4.  I went to the grocery store when I got back to my side of town and bought some Summer Berry ice cream from Blue Bell.  I've been making ice cream floats with that and Sprite.  It's wrong how good they are.  Lemon ice cream with raspberry swirls and chunks of strawberry and blueberry, floating in lemon/lime soda.  I think I may have one now.

5.  When I was at the grocery store I discovered that my favorite toilet paper is on special!  I got 24 double rolls of aloe and E tp for $9.98.  As a toilet paper connoisseur, let me assure you, that's a deal.  If I weren't moving in 6 weeks or so I'd go back and stock up some more.

6.  I finally finished the baby hat I started a week or so ago.  There's a Girl Scout here in Houston who is knitting and collecting 100 baby hats for an area hospital.  I have a ton of baby yarn, and they don't take long to knit (as long as you're actually, you know, knitting on it), plus most hat patterns are pretty mindless, so I said I'd do a few.  I've already started a second hat.  (And now a couple days later I've finished the second and third hats, and I'm working on a fourth.)

7.  I emptied 2 boxes today!  A small pile of clothes get to move to the sell/donate pile, and a big bag of trash is now at the front door waiting to be hauled out.  I'm getting better at this letting go stuff.  Most of that bag of trash is stuff I would have kept a month ago, like old high school literary magazines and class pictures from elementary school.  Good bye!

8.  Here's another slightly weird one, but I'm truly grateful for it: Crystal deodorant stick.  This stuff is like a miracle.  A combination of the miserable heat and changed body chemistry from all my meds has made finding a deodorant problematic for me in the last few years.  Not only do I get smelly easily, but something in the deodorants I'd been using was causing rashes and miserable itching.  With Crystal?  No itching, no odor.  And no flowery perfume smells, either.  (Which may have been part of the problem with the itching.)  My arm pits now smell like nothing but clean arm pits for up to 24 hours.  It's amazing.  And the product itself is kind of interesting.  Basically, it's a smooth hunk of crystal (hence the name).  You have to dampen it, and then you rub it under your arms just like you would any other deodorant.  The company website says it runs $6.99 and lasts up to a year.  I can believe it!  I grabbed mine on sale at Walgreens for $2.99 a couple weeks ago.  After being burned by another pricey product I wasn't interested in spending a bundle for another experiment. (Tom's of Maine.  Terrible stuff.  Not only did my pits still stink, but each pit was producing it's own distinct odor, both of them vile.)  But Crystal really works for me, and I wouldn't hesitate to recommend it to anyone, especially anyone with sensitivities or health issues.

9.  I'm really enjoying the new season of The Closer.  And since they have the new episodes available on the TNT website, I'll still be able to watch it when I cancel my cable tomorrow.  (I was going to cancel today, but I decided to wait a few more hours so I could catch the new episode.)

10.  My critique group!  Knowing that we're all brainstorming for future stories, and that I won't be around much longer, we've switched from every other or every third week meetings to every week.  It's so great to get out of the house for a couple hours and chat with friends, even if I'm totally worn out afterwards.  And there is always much laughing and telling of stories.  I'm amazed how much stuff we manage to accomplish in between the off-topic chatter.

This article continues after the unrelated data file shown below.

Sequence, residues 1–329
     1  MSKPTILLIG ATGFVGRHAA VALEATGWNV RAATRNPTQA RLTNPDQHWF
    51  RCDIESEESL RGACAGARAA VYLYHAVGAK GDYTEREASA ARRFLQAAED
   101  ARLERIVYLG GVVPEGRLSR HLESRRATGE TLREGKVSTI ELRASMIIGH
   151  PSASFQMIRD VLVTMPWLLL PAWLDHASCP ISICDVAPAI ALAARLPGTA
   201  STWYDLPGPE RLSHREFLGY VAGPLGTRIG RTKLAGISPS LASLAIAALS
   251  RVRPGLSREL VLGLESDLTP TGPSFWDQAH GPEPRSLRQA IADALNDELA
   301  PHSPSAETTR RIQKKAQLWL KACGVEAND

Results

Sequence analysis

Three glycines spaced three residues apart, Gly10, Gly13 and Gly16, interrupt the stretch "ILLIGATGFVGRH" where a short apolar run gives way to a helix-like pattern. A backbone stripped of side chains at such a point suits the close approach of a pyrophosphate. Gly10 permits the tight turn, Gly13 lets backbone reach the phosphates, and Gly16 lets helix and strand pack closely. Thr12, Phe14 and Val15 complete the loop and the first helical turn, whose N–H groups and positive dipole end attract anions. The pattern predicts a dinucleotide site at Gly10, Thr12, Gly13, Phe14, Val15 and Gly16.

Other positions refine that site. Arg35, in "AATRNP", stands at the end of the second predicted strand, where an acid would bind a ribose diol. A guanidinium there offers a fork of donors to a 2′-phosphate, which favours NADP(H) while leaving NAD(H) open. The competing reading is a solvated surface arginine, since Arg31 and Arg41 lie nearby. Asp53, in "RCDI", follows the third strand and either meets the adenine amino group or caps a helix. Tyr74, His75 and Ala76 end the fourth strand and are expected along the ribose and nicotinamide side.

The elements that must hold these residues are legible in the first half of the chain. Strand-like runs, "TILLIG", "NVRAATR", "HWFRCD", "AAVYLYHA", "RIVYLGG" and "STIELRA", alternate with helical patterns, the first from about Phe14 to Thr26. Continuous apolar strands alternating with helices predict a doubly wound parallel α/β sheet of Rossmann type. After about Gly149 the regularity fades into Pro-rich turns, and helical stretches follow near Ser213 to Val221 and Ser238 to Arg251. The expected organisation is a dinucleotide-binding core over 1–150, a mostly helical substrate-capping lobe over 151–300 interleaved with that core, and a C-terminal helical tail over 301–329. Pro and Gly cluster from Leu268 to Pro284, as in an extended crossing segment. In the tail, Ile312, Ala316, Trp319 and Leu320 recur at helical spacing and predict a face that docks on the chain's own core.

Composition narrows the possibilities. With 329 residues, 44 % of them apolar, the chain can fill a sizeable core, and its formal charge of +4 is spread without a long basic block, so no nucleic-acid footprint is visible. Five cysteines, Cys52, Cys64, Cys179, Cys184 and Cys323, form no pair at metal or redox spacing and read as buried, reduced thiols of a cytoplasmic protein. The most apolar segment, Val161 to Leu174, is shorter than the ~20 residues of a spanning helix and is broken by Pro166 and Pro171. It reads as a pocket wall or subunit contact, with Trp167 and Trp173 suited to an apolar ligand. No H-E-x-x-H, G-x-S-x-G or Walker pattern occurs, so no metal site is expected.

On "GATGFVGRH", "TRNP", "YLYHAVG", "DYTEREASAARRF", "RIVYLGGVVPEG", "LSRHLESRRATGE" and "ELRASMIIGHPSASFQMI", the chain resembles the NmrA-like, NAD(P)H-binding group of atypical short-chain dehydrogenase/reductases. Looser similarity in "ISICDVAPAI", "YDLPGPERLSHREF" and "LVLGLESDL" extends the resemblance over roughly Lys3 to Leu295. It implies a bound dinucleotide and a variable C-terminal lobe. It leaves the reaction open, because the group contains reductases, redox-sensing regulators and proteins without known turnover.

Tuesday, July 27, 2010

Very Sad

I know with all the stuff going on in my life that this is very minor, but I'm still sad.  I just canceled my cable service.  *sniffle*  I really can't afford it any more.  I only held on this long to catch the season finale of Doctor Who.  But it's still a sad day for me.  My TV is old and crappy, definitely not digital, so no local channels either.  I'll be a strictly Netflix and internet girl for the next month.

And now if you'll excuse me, I need to quick watch this week's episodes of The Closer, Leverage, and Drop Dead Diva before the DVR is deactivated.

Sunday, July 25, 2010

The One

The impossible has finally happened.  I'm in love.  Check out this beautiful, beautiful house!

Isn't it darling?  It's one of the tiny houses designed by the Tumbleweed Tiny House Company.  I've been intrigued by their houses since I saw a story about them on TV a week or two ago.  The one profiled on TV was really tiny, around 100 square feet.  The itty bitty ones are on wheels and can be hauled anywhere.  The one above, called The Whidbey, is quite a bit bigger at 461 to 557 square feet, depending on the exact model, and is stationary.  But the principles of tiny house living are still applied.  What I like about this design is that it's clean and compact, but still has a lot of old fashioned charm.  And on the practical side, the bedroom is on the first floor instead of a sleeping loft accessed by a ladder or a full bedroom up a flight of stairs.  (A ladder or stairs aren't the best choices for me.)  The larger, two bedroom model would be absolutely perfect.  The windows on the front surround bedroom number one, which would be an ideal office.  The second bedroom, on the back of the house, has a small bench seat under a window between two closets, and I've always wanted a window seat.